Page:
I don’t know any freelancer who is willing to spew out work they know is destined to fail because it’s a poor strategy. To them that’s a frustrating waste of time and potentially damaging to their brand. Let your freelancer dig into your strategy and even challenge your assumptions. In fact, insist on it. That’s where you really get your money’s worth! If they don’t take a look at your strategy, they might not be as good as you need them to be!

Some freelancers have a “no changes” policy about their work. The really good ones have a flexible no changes policy. If you need something to be different from the way they do it, a good freelancer will be all ears about what and why. Which leads me to …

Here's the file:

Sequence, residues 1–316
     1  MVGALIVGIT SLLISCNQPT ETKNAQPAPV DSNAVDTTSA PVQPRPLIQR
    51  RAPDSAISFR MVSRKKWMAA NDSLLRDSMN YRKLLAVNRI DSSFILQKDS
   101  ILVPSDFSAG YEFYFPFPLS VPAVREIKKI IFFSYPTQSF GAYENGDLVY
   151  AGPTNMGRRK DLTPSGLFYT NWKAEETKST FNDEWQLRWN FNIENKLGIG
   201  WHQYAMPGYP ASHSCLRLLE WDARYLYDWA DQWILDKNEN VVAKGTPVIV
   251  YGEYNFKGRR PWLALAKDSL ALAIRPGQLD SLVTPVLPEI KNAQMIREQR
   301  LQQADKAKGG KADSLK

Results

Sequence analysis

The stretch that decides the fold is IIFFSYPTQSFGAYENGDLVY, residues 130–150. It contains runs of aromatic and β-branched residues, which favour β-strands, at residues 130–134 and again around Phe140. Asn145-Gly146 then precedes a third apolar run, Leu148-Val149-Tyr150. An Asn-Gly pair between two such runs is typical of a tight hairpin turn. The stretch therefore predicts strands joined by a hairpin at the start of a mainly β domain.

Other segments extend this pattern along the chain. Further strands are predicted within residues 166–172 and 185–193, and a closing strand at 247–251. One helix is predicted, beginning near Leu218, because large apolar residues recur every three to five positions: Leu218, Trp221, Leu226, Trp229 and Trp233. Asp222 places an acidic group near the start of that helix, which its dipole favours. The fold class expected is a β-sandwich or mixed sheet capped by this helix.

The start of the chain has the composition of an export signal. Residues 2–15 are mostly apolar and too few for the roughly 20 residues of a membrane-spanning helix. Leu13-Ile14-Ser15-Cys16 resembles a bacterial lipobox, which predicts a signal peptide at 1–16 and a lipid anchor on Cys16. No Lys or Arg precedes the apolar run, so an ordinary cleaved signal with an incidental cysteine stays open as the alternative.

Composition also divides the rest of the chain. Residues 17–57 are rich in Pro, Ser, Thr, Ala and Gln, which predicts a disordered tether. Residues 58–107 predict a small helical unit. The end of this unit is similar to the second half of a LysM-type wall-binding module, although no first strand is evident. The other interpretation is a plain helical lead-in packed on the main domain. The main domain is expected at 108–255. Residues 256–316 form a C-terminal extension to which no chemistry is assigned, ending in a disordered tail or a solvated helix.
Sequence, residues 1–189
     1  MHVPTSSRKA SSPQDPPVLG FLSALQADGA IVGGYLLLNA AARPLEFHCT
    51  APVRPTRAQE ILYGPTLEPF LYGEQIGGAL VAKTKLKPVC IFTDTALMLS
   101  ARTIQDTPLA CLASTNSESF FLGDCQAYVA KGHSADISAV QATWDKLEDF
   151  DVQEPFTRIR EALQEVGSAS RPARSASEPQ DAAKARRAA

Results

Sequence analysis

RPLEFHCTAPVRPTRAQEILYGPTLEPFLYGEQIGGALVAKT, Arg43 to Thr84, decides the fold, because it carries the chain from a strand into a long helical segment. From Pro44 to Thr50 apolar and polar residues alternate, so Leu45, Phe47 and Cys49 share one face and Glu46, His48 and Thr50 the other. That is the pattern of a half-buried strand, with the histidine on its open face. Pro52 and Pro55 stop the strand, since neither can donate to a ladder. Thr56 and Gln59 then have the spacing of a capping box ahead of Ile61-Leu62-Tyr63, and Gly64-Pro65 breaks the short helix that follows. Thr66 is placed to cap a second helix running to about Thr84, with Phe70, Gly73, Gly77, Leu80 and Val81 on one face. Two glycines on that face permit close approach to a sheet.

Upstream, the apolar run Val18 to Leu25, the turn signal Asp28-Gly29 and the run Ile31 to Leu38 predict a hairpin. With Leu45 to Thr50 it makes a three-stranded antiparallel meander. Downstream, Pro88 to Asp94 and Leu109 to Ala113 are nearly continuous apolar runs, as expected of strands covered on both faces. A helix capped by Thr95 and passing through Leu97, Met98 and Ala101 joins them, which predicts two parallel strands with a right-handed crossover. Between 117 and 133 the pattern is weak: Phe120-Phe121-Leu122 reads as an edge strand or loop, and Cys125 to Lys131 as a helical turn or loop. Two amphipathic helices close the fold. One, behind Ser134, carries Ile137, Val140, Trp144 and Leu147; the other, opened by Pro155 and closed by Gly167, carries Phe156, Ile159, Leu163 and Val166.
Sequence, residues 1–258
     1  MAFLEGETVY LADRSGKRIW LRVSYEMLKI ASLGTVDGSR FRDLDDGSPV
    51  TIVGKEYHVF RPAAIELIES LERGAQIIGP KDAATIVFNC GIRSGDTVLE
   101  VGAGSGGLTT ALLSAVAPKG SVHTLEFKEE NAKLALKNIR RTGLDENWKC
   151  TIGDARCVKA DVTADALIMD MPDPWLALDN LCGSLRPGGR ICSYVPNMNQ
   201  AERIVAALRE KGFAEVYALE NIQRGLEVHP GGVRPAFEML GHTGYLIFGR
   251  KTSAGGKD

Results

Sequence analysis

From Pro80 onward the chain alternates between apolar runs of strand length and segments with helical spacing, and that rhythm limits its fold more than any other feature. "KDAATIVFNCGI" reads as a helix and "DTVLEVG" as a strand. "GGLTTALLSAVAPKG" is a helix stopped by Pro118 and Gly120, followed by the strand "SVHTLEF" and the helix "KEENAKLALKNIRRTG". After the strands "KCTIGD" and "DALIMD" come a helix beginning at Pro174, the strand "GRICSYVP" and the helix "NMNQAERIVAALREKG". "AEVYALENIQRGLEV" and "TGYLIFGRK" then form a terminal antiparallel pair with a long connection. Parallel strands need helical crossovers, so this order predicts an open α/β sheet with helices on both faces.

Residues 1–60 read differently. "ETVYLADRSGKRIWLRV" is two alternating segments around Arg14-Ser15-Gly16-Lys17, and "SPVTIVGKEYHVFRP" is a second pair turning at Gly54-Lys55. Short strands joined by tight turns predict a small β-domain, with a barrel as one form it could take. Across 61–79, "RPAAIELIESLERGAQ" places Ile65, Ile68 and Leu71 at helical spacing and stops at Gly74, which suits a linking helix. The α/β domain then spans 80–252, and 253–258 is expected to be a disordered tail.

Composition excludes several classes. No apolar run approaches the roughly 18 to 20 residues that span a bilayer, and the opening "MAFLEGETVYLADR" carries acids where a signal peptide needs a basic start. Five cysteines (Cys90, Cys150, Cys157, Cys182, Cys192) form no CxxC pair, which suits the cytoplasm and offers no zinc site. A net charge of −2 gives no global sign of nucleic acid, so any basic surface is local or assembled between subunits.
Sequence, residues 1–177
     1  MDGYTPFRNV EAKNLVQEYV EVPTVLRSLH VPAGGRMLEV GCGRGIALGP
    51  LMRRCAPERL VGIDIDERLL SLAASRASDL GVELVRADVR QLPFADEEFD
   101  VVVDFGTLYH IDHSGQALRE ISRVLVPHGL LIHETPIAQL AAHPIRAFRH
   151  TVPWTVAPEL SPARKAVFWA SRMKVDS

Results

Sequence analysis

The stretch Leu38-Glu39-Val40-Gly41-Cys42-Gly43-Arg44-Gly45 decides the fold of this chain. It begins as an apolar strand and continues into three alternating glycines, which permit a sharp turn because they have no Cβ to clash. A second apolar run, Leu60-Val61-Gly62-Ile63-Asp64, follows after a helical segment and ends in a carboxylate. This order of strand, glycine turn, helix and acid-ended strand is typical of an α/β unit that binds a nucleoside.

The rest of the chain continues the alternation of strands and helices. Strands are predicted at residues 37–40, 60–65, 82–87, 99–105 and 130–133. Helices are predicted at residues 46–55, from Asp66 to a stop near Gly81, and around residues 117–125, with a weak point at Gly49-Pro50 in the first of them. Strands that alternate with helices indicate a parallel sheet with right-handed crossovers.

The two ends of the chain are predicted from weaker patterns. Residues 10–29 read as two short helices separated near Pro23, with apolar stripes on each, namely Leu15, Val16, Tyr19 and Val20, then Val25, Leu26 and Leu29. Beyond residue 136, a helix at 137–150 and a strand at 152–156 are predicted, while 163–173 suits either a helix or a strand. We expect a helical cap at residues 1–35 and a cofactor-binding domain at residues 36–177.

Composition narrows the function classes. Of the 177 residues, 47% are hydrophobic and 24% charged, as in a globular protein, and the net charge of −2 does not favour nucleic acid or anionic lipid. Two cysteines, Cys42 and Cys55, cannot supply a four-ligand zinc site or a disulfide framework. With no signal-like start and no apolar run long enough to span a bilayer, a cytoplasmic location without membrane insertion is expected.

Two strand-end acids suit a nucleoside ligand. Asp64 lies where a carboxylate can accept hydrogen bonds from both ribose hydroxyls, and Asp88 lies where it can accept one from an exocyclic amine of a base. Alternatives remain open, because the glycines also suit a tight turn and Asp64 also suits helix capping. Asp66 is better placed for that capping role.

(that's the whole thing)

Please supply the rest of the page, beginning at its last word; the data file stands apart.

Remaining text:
Make sure they listen

A good freelancer listens to you. No matter how much they know, there are large areas about your work that you know far better. A decent freelancer knows this and approaches every project with a proper level of humility. A freelancer who knows all the answers without asking you any questions is probably not someone you should work with.

Ask questions

You have every right to know why a freelancer does something. They need to be able to defend their work, and you have the right to learn as much as possible from your freelancer. They should be open to questions.

Be willing to defend their work